Sentry is an app monitoring tool for DevOps environments that is based on a stack of products such as Snuba, Kafka, and Nginx. It features proactive application monitoring to ensure that issues are addressed before they disrupt production environment.
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What does Sentry do? ^

When an exception occurs in a monitored application, a call back to Sentry activates a workflow. The portion of code that is defective is identified by Sentry, and a ticket is opened for the development team.

When integrating Sentry into the application life cycle, you will have a variety of choices to implement your applications' APIs (frontend or backend).

Sentry supports many programming languages, such as Angular, Java, NodeJS, Serverless, Python, React, JavaScript, and more. You can monitor every environment, from Kubernetes to cloud instances or serverless computing.

The best deployment scenarios where Sentry shines are frontend deployments where the application sits in the cloud on a Kubernetes cluster or a cloud instance (AWS, Google Cloud Platform, or Azure).

Sentry: App monitoring for DevOps

Sentry: App monitoring for DevOps

Sentry records users' interactions with your applications. If an application is in the cloud, the monitoring data only flows from the application server to the Sentry server. In this scenario, the clients access the application using a web server or other SaaS delivery method.

Sentry data flow ^

In Sentry, everything starts with an exception. If the application interaction with the user creates an exception, an encrypted message is sent by the application server to the Nginx web server, where a relay queues the event for ingestion by Kafka.

Kafka processes the message that is sent as a Celery task to symbolicate stages. The event then goes through Snuba to ClickHouse. For more details about the data, refer to Sentry's architecture.

Implementing self-hosted Sentry ^

Sentry can be implemented in two ways: a SaaS offering hosted by sentry.io, and a self-hosted open source version. The most efficient and economical way to deploy the self-hosted version is to run a virtual machine in the cloud.

The instance should be capable of running the various containers needed. Thus, you need at least a 4 CPU 8 GB RAM instance type (m6ixlarge in AWS or B4ms in Azure). I/O might become an issue when you start ingesting data, so you have to keep an eye on the communication between your Sentry instance and your application servers.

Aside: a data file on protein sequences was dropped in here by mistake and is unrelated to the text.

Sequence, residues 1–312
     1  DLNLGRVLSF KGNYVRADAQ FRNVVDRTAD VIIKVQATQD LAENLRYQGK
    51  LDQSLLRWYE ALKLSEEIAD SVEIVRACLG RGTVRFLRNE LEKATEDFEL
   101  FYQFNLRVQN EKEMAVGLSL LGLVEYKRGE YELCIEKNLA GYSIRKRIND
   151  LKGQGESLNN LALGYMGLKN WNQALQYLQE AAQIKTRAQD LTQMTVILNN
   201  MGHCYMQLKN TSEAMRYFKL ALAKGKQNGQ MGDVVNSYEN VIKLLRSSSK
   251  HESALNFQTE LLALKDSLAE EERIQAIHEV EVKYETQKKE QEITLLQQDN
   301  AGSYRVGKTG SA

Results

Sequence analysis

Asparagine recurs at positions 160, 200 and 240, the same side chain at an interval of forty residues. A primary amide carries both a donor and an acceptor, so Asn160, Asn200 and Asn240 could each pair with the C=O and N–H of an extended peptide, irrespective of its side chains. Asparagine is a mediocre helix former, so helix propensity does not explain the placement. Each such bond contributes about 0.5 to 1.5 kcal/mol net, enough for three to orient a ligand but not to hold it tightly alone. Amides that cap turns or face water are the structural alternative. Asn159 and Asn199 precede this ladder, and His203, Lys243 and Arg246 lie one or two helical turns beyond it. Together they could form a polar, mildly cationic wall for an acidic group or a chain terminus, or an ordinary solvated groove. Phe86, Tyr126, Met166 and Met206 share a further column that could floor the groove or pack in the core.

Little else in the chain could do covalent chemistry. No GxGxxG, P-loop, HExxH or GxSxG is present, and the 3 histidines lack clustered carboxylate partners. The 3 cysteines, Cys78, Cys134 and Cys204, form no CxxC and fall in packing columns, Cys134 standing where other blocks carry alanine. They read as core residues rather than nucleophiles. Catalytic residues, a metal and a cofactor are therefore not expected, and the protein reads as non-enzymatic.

Self-hosted Sentry requires minimal customization. You need to install Docker and Docker Compose on the instance of choice. After cloning the repository from GitHub, execute this command:

./install.sh

The script will take care of standing up the application. The README file included in the repository will provide more information for customization.

Sentry can geolocate the request received by the application if the geolocation file is included in the application's initial configuration. Detailed instructions are available.

Finally, you may want to integrate the application with a mail relay server, so it can send emails to users, allowing them to register and access the web portal. Detailed instructions are available here.

Note that inbound mail is provided by Mailgun and is not enabled by default. Outgoing mail is the functionality most frequently used when interacting with the application.

Once you have completed the basic configuration, the next step is to run this command:

docker compose up -d

The application is available on port 9000 by default using clear TCP. A good practice would be to use a network load balancer, so port 9000 is exposed as TLS and protected. A description of the process is described on the Vendor page under "Productionalizing."

Sentry is integrated with applications on the Sentry Web Portal. Sentry supports almost all programming languages, and detailed instructions on how to instrument the code with Sentry are provided.

Self-hosted vs. SaaS ^

As mentioned above, Sentry offers a cloud-based SaaS solution in addition to the self-hosted version. Both solutions offer the same functionality. However, many customers find that a self-hosted Sentry can quickly become expensive to maintain and scale, often making the SaaS product the better and less costly option. More details about the differences between the self-hosted and SaaS versions can be found in this PDF flyer.

If you want to start with self-hosted Sentry, you can migrate later to the SaaS version, as described in the migration guide.

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